Alternative: Hide chocolate Christmas balls which they can take home in a goodie bag.

Activities

  1. Act out the Christmas story
    Pick the children to be different characters and have props ready for them. Have them act out the story as you tell it simply in your own words, read it from the Bible or read it from a Christmas storybook.
  2. Watch the Christmas story on video
    The Nativity by Hanna Barbera or Superbook’s Christmas videos are excellent choices. These can be rented from Christian bookstores.
  3. Use an object lesson to present the gospel through the symbols of the season:
    A yellow star for God’s love.
    A dark ornament for sin
    A red cross for Jesus’ death on the cross
    A snowflake for the clean life Jesus gives
    A green Christmas tree for growth
  4. Sing Christmas carols with the kids.

Gifts

  1. You could have children bring a small gift for a gift exchange or bring canned goods or a toy for a needy family in the area or for the food bank.
  2. Have a special kind of gift exchange where each child thinks of something he or she would like to do for Jesus by helping another person. Examples could be helping to dry the dishes, lending a favorite toy to a brother or sister, sending a card to a shut-in etc. Help the children write the idea on a slip of paper and wrap it in a small box. They can then be given to the person for whom the special deed will be done.

Refreshments

  1. Birthday cake for Jesus
    One idea is to make an Angel food cake in a Bundt pan. Then place a tall, fat candle inside the hole in the center of the cake. Light the candle and sing “HAPPY BIRTHDAY” to Jesus.
  2. Cupcakes with sprinkles and a green birthday candle in each. Place it on a red doily for serving OR arrange them in the shape of a Christmas tree on a large cookie sheet.
  3. Fun finger food
    Cut the shapes of the symbols of the season out of slices of cheese, luncheon meats, bread etc. for the children to enjoy.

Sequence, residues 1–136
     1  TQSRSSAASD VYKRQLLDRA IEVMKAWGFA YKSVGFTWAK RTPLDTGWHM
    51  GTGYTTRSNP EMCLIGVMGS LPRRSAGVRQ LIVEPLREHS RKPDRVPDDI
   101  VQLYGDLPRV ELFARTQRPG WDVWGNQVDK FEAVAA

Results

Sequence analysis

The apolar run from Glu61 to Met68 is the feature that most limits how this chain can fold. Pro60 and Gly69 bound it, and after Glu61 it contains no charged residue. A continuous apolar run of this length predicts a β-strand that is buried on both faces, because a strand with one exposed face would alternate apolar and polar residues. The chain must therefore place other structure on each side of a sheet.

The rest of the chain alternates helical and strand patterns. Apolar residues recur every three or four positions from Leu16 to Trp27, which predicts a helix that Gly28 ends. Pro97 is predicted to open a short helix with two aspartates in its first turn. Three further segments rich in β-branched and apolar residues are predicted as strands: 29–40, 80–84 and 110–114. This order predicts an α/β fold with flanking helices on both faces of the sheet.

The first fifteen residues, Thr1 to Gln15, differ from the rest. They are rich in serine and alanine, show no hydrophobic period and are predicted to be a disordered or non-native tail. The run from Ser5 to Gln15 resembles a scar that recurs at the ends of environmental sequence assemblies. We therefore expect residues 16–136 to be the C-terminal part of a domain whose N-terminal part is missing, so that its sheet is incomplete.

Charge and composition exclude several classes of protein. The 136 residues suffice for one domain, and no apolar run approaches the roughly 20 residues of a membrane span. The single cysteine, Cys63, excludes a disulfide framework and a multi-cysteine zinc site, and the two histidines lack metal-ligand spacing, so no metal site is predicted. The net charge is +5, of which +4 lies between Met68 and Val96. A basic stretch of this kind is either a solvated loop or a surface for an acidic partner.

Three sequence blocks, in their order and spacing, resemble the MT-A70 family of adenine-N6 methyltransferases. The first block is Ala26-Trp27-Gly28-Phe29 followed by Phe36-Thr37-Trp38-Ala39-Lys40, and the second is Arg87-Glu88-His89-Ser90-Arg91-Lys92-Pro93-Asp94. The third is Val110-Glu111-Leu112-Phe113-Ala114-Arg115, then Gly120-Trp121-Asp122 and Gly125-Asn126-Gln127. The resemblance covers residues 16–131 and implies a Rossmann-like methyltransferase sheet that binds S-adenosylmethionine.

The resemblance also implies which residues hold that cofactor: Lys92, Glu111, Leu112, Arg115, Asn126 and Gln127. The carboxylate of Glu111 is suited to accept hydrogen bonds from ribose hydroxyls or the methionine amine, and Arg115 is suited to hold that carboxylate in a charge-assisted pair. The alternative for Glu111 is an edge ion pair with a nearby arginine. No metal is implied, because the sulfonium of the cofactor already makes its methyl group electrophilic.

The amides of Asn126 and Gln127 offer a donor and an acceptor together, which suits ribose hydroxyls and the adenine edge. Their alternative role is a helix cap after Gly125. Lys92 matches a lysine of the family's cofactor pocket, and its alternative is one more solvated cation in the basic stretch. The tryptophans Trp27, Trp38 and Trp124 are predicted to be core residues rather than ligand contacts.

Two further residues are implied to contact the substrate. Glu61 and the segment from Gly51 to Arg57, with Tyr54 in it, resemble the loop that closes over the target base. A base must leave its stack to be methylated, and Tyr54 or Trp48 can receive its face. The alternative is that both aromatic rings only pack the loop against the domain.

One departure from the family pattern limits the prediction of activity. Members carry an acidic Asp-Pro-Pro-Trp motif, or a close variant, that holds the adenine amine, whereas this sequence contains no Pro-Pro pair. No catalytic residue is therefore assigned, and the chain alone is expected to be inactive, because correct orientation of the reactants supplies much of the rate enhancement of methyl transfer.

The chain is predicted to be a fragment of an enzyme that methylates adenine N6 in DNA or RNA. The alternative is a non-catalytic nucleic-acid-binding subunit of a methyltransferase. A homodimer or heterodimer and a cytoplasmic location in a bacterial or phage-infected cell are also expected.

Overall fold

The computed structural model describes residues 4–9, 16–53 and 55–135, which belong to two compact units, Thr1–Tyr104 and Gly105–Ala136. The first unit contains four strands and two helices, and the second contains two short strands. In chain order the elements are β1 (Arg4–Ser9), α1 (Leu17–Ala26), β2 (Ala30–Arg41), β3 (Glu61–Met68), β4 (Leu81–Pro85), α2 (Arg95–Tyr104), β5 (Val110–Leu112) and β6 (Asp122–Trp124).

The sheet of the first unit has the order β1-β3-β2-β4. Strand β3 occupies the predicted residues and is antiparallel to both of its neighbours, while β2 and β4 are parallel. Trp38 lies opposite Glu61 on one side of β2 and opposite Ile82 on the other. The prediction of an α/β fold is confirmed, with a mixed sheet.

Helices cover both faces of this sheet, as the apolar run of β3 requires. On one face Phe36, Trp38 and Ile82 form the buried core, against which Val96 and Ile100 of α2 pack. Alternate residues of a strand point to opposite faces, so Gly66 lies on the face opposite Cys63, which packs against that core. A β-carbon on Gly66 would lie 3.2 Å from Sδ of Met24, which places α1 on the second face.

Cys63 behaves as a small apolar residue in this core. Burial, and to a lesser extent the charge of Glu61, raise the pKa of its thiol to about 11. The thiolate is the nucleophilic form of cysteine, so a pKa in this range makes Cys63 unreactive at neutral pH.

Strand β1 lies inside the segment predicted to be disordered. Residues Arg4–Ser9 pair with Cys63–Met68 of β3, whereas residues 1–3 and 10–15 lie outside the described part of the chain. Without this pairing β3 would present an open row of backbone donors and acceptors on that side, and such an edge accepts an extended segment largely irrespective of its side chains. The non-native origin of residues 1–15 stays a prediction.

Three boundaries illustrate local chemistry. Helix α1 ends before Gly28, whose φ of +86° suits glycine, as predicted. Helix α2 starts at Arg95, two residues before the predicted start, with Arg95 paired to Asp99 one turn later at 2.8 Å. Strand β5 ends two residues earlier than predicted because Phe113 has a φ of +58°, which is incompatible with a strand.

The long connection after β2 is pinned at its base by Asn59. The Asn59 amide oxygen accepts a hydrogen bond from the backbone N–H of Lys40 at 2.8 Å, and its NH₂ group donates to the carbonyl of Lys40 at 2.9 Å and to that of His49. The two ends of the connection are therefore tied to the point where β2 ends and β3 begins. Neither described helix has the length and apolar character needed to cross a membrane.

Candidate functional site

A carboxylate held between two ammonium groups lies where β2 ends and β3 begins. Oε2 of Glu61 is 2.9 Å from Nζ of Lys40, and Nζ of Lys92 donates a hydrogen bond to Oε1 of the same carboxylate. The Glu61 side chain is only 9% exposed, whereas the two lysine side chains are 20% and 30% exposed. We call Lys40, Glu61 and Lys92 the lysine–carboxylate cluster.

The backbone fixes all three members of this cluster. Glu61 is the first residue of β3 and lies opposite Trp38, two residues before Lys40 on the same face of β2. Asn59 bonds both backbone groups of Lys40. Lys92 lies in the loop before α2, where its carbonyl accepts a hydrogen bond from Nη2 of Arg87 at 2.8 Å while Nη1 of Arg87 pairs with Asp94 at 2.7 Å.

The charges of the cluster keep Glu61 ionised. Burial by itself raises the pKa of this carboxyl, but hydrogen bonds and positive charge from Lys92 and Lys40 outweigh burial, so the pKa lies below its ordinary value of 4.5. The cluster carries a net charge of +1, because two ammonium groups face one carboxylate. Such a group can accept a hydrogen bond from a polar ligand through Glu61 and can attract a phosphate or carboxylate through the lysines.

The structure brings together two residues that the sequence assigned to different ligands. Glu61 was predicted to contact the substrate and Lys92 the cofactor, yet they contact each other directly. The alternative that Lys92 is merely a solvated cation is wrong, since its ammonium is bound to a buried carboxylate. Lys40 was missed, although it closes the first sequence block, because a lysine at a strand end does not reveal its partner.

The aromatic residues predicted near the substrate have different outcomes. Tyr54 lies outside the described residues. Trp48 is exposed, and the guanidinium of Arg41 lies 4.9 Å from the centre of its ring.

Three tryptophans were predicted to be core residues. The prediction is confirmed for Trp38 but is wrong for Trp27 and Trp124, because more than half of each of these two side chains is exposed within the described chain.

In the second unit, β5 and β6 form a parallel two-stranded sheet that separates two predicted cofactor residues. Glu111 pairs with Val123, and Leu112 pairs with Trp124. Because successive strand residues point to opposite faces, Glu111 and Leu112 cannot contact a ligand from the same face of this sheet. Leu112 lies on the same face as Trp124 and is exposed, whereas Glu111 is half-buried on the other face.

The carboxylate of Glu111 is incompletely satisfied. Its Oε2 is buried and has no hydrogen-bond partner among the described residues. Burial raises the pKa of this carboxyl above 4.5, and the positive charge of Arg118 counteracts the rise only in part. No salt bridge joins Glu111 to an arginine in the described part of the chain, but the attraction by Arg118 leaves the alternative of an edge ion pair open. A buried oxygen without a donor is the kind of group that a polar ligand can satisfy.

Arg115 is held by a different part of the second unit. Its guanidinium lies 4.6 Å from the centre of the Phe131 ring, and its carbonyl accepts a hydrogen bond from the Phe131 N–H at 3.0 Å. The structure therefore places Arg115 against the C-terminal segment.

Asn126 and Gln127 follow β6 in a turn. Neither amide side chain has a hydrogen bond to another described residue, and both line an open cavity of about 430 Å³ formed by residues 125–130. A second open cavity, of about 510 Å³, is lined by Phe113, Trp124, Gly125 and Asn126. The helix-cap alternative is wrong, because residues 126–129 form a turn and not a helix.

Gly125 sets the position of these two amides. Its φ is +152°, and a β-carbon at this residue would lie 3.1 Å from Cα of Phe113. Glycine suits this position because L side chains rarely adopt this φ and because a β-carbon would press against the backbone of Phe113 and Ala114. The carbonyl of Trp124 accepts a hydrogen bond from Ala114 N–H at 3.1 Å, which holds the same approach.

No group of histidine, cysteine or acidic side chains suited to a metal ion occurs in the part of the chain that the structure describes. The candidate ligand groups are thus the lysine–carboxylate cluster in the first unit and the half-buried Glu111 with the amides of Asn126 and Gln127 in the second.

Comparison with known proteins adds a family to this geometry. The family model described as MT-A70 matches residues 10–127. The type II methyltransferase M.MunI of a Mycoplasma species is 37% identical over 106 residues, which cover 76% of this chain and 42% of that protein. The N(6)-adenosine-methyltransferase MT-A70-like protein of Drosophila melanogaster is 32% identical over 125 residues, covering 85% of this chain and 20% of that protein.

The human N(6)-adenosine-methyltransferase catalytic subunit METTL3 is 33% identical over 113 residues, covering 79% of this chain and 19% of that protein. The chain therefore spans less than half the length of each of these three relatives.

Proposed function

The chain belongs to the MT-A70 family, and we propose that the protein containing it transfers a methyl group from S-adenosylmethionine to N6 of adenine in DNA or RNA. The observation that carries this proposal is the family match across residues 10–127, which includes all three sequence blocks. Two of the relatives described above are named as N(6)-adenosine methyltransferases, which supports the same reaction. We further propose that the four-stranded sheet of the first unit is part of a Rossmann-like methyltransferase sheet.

4. Red or green jello
    Put into 5 oz. Paper cups and refrigerate. Before serving, top with whipped cream.

Ending the party

  1. Have everyone pick a shepherd’s staff (candy cane) from your tree. Explain to them that the shepherds were the first to come visit the Baby Jesus. Candy canes so prominent in our holiday season were originally meant to be shepherds’ staffs. The colors of the candy cane have a biblical meaning. White stands for the holiness and purity of the Baby, red symbolizes the blood of Jesus shed for us in His death and green pictures the new life we have in Christ.
  2. Include a kids’ tract with a goodie bag to give to the children as they leave.

You can find kids’ tracts and other evangelistic tools for children here.

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9 Responses to “An Evangelistic Birthday Party for Jesus”

  • Jamie Jamie says:

    That is great T Reese. What are some of the things that you guys have done that have been meaningful?

  • T Reese says:

    This is the 6th year my family is having a birthday party for Jesus. There is an open invitation and it is so much fun. My sister is stationed in Nebraska this year and is having a party on base. I have sent her your ideas, your ideas are very helpful and useful. Thanks

  • John, well the article doesn’t mention anything about decorating your tree with silver and gold. But more importantly, in this case the tree is not being used as an idol. The point of the Jeremiah passage is don’t worship idols. The practice of decorating a tree is something that was (is?) used for pagan rituals which Christians attempted to redeem for good purposes instead. A tree is just a tree, what makes it meaningful is how we use it.